Fifty Shades of Grey has been sparking a lot of conversations lately. Writers all over the Internet have discussed the story’s relationship dynamics, the clear signs of domestic abuse present in the relationship, the story’s fixation on luxury branding, and of course, the kinky sexual practices that Christian “singularly” enjoys. 

Those kinky sexual practices? It’s some form of BDSM, though I wouldn’t say it accurately portrays the practice. Sure, the tools may be right (and yes, I did have some BDSM wet dreams from that Red Room in the film), but I wouldn’t argue that either of them were in it for mutual pleasure.

Another thing the movie brought up – is BDSM only for weird people?

In the case of this particular story, the only characters that practice BDSM at all are Christian (and we already know he’s “fifty shades of fucked up”) and that cougar woman who “helped Christian deal with his issues” by making him a submissive. Anyone who’s read the book or seen the movie will attest that actually he still has issues, but that’s a completely different story.

But what about BDSM? Is it really weird? And if you enjoy it are you weird? 

Turns out, not so much. The United States takes the cake on the amount of people who claim they like various aspects of BDSM. Thirty-six percent of people interviewed in a sex survey by our fave condom company Durex, say they like being blindfolded, tied up and spanked during sexy time. In the world, that number drops to 20%.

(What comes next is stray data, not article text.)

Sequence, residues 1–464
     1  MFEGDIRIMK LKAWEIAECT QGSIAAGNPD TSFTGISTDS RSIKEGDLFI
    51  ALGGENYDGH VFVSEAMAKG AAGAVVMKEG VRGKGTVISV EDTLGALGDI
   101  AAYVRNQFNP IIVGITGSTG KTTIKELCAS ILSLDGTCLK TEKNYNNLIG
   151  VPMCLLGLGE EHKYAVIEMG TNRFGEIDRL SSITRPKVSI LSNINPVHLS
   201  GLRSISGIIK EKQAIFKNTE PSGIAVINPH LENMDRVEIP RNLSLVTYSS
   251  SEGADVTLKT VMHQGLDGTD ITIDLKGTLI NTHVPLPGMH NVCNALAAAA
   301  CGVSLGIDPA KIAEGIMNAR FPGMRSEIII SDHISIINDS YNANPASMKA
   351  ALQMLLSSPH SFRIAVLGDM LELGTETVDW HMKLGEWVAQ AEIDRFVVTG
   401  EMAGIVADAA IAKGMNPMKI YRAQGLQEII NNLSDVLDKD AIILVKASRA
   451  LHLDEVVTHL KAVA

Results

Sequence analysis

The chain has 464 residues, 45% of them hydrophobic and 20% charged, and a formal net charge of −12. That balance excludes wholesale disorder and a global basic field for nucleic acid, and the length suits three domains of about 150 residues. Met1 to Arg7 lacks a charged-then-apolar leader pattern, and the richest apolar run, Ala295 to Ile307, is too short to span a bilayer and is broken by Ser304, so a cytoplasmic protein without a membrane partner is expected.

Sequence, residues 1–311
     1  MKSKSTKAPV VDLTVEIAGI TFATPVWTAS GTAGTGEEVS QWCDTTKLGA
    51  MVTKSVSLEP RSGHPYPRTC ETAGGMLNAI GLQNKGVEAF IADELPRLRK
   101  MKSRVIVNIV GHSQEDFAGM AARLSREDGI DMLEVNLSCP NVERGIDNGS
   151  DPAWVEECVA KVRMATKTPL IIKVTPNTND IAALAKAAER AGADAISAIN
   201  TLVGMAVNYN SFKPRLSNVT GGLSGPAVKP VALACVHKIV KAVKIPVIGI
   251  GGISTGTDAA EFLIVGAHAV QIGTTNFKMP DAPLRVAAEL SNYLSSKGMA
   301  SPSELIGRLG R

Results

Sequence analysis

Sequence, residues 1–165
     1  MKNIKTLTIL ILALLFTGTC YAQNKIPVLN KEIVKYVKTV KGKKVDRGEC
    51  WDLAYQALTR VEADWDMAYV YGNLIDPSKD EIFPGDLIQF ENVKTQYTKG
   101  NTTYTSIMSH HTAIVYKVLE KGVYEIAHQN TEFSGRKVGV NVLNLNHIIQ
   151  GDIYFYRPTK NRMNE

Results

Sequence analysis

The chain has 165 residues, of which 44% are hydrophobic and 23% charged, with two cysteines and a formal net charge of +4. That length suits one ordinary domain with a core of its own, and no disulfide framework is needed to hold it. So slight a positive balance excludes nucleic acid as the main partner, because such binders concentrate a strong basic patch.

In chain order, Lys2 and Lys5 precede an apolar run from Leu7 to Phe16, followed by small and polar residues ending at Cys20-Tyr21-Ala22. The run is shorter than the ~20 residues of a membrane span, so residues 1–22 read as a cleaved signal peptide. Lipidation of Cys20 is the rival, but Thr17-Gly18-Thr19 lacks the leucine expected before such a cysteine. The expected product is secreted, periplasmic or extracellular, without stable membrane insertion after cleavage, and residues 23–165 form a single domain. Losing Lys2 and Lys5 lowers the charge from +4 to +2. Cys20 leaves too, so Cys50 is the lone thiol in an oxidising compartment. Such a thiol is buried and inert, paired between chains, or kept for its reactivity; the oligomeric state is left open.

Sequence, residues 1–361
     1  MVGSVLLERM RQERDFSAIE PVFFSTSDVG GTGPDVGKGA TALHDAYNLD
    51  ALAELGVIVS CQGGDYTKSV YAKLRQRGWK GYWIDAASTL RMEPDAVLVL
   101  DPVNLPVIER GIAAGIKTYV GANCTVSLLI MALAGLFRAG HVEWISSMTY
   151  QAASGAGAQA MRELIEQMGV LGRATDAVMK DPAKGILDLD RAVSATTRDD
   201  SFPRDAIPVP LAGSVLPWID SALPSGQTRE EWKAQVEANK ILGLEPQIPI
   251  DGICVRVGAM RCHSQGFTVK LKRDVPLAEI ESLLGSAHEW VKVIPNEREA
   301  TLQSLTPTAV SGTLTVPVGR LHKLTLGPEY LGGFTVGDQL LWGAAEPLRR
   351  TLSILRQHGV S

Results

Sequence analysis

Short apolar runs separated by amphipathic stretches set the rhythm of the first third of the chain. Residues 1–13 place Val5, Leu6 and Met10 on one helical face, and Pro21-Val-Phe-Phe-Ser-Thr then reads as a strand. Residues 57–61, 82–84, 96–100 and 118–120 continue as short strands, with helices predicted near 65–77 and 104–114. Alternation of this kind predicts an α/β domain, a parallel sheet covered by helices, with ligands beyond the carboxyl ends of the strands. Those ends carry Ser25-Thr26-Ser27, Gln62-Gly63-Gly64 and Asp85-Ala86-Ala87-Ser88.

This Pipedream blindfold is affordable and comfortable.

Okay, but we definitely know that America’s weird about sex though, right? So maybe these people that engage in BDSM really just have sexual issues they can’t address…

Wrong.

Turns out that people who indulge in some form of BDSM are actually psychologically healthier than those who are just doing plain ol’ missionary all the time. According to science (yay, science!), people that engage in BDSM tend to be more extraverted, open to new experiences, more conscientious and less neurotic. These facts were pulled out of a couple different studies… One in Australia and one in the Journal of Sexual Medicine, which should essentially clear us of any guilt or shame in practicing it… safely, of course.

Unfortunately, we still have a long road ahead of us. 

Those of us living in the United States know first hand how hard of a time we have talking about anything remotely sexual, which makes talking about how normal BDSM is even harder. Until just recently, the American Psychiatric Association’s DSM-V had pathologized kink, listing it as examples of “paraphilia (i.e. sexual perversion) and sexual fixation.”

Just as recently, Susan Wright, founder of the National Coalition for Sexual Freedom has written at length about the “risks of disclosing one’s affiliation with BDSM, including discrimination, violence, job loss, and legal obstacles surrounding child custody.”

Sadly, book series like Fifty Shades of Grey are also not doing their part to normalize BDSM. Rather, the message given about BDSM in those books is one in which with enough love and someone to save him, Christian doesn’t need to practice BDSM (which is more like abuse than actual BDSM) anymore. 

But never fear! There are plenty of kinky erotica novels that more or less accurately showcase a healthy BDSM relationship. If you saw the movie and thought the Red Room was hot (because let’s face it- Christian’s house was the sexiest part of that film), check out my post on your top BDSM questions answered. If you’re ready to start playing, check out this awesome list on how to start your own BDSM tool collection. 

Start your collection with these luxurious handcuffs.

Last but not least, science has proven that we are not weird for liking kinky shit! As if you were really worried about that already?!